Much hotter summers, loss of forests expected as Virginia climate heats up
“It’s not just ‘global warming’ now,” says author Stephen Nash, “but ‘Arlington Warming’ or ‘Richmond Warming.’ Regional modeling allows climatologists to project just how hot we can expect typical summers to be in the Fairfax, Norfolk, Danville or the Roanoke area.”
Wide ranging climate change impacts throughout Virginia are detailed in a new book, Virginia Climate Fever, by journalist Stephen Nash. Those impacts range from sea level rise, to acidification of the Chesapeake Bay and the Atlantic, to summers with far more sweltering 90+ days than Virginians now experience.
See the projections at VIRGINIACLIMATEFEVER.COM
As average global temperature rises — and depending on how the world responds to the threat of climate change — Virginians could experience a climate closer to Alabama or Mississippi. As a result, scientists have projected that Virginia’s forested lands may be lost to drought, fire, or insect pests in a “big die-off,” to be replaced by the shrubs and grasslands of a savanna. Diseases more typical of the tropics including dengue fever and chikungunya are more likely to pose public health risks, according to infectious disease experts.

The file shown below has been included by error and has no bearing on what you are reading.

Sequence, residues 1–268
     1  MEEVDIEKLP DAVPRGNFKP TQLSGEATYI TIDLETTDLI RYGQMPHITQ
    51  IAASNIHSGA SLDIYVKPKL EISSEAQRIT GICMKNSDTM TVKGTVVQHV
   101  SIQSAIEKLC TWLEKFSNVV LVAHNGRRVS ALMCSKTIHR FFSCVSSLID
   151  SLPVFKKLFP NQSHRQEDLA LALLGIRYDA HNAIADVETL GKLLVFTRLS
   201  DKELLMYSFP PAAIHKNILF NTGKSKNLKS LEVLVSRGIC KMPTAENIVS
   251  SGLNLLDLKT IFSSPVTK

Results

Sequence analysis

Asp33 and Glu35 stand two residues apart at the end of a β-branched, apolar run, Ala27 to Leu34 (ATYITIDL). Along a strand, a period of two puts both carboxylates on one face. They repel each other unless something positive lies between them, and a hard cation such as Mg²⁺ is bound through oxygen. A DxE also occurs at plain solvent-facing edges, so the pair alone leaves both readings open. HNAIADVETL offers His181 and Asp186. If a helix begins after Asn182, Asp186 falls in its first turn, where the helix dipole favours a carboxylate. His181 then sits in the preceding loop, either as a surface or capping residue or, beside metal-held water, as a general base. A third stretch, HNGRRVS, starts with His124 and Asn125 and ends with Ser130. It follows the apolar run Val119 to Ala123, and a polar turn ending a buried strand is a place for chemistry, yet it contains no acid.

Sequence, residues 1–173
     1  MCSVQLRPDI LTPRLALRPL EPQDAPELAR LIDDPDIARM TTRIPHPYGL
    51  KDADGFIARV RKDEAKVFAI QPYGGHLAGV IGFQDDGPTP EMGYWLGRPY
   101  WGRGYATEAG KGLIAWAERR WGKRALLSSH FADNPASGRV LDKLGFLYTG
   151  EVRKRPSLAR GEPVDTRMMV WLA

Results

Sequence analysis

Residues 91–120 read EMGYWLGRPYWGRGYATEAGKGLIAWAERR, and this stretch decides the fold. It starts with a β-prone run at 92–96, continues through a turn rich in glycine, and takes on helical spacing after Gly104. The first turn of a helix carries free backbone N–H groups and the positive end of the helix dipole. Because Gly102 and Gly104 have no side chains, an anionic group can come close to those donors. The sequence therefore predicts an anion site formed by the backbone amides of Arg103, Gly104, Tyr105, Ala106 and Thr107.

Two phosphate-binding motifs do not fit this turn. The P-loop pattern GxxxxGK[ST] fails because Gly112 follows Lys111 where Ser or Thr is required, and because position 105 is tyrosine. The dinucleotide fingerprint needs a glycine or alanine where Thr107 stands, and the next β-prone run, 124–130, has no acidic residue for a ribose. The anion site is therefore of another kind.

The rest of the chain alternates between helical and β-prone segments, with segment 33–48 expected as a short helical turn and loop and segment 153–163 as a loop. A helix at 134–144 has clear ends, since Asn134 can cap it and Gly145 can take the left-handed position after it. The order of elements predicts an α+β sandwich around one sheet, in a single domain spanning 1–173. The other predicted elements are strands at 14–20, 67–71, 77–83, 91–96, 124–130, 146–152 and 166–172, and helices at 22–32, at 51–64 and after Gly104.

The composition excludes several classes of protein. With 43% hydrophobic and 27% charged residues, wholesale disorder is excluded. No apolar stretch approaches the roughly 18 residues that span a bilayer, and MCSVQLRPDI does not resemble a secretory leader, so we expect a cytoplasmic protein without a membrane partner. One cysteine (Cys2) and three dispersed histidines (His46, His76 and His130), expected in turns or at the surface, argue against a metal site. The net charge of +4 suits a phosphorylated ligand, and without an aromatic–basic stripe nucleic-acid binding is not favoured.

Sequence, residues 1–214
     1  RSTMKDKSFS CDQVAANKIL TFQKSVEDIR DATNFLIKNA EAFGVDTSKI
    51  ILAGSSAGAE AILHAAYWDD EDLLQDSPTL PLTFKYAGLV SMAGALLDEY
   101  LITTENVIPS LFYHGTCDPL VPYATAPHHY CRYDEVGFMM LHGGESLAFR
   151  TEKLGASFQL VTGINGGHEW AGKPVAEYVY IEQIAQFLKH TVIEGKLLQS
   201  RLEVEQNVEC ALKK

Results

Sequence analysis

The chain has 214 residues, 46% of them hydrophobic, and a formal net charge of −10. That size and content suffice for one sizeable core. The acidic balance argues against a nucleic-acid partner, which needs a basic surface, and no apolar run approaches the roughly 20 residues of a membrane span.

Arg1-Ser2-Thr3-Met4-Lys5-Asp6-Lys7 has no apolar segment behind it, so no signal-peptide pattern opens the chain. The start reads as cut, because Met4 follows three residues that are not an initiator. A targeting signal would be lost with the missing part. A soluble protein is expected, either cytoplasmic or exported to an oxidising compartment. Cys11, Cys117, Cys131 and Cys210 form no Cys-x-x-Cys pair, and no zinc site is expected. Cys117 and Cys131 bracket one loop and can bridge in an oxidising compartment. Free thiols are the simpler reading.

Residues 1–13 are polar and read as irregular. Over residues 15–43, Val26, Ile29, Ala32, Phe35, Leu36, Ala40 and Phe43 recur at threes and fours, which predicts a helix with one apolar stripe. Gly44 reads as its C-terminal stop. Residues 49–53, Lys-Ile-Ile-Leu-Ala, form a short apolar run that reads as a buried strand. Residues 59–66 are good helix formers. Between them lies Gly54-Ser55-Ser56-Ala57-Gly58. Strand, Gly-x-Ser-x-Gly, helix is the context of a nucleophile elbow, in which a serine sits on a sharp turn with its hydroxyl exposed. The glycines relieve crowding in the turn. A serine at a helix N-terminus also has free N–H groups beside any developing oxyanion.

The book lays out climate projections for Virginia by Texas Tech University Professor Katharine Hayhoe, an atmospheric scientist. For the first time, the data allows Virginians to consider projected temperature increases where they live as the global average temperature rises.
If greenhouse gases continue to accumulate in the global atmosphere at current rates, Fairfax County could see nearly double the number of 90+ degree days in a typical summer over the next few decades, and more as the heat continues to build. In Richmond, sticky summer days of 90+ could increase from from 36 days to 60, well before mid-century. Even Highland County, known for its pleasantly cool summers, could see 90-degree days quadruple, with more on the way as global warming increases.
“Steve Nash’s book allows Virginians to glimpse a future they can still shape,” said Michael Mann, a former University of Virginia climate scientist who is now a professor of Meteorology at Penn State University. “If we don’t like that future, we can take actions now to reduce carbon pollution — actions like the U.S. EPA’s Clean Power Plan to reduce carbon pollution from fossil fuel power plants,” Mann said.